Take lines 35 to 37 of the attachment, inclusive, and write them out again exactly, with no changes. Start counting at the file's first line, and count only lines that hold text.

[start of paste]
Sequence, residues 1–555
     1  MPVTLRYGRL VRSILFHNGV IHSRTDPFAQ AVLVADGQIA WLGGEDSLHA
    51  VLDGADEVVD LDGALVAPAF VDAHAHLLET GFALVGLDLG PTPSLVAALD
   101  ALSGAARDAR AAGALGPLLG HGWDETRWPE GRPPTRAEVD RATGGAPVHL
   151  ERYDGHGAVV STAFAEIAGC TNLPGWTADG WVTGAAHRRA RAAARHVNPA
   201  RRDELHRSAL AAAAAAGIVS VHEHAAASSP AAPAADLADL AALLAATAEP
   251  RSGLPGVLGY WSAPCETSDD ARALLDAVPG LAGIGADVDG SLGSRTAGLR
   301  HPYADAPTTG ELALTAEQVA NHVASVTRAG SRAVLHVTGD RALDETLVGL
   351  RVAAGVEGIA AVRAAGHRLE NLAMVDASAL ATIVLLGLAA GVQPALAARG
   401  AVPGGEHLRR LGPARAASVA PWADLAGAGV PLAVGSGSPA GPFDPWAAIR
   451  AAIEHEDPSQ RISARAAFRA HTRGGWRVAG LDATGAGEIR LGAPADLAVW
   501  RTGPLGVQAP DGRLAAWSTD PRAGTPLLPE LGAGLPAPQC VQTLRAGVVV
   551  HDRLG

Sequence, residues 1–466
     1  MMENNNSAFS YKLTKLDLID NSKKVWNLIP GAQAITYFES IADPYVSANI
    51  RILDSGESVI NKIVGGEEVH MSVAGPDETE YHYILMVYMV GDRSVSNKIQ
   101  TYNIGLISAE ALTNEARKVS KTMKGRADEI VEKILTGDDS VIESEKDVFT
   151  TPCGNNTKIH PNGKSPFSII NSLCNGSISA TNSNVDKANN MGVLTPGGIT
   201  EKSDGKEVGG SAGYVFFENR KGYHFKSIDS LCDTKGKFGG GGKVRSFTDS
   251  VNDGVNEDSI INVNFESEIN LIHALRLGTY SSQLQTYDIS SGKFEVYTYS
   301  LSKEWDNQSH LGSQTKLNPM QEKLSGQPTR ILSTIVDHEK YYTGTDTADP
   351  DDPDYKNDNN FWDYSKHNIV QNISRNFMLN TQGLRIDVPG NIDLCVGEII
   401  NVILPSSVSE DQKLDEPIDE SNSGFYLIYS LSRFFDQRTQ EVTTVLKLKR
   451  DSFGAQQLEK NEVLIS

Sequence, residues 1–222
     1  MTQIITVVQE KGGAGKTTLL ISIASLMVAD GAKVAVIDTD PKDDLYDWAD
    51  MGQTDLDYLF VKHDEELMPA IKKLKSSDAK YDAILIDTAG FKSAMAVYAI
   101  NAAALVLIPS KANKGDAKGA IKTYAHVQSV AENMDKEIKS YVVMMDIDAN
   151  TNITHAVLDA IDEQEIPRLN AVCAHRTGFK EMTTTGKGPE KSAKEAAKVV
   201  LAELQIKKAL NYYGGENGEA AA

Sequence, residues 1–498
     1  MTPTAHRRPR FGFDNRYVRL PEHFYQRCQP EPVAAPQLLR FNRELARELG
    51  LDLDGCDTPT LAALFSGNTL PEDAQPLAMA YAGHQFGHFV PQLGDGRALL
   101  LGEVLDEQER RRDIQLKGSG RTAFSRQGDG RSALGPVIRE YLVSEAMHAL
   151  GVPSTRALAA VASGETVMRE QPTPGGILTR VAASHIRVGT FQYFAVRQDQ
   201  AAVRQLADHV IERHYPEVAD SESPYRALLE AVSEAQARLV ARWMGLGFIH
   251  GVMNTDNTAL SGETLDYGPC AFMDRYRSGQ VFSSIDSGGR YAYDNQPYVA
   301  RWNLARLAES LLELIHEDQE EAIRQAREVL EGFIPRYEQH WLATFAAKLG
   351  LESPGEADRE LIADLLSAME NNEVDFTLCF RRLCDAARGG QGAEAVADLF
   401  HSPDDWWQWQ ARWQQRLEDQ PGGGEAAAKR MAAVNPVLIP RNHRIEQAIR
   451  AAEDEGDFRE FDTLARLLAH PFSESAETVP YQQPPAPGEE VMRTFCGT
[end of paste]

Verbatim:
   151  GVPSTRALAA VASGETVMRE QPTPGGILTR VAASHIRVGT FQYFAVRQDQ
   201  AAVRQLADHV IERHYPEVAD SESPYRALLE AVSEAQARLV ARWMGLGFIH
   251  GVMNTDNTAL SGETLDYGPC AFMDRYRSGQ VFSSIDSGGR YAYDNQPYVA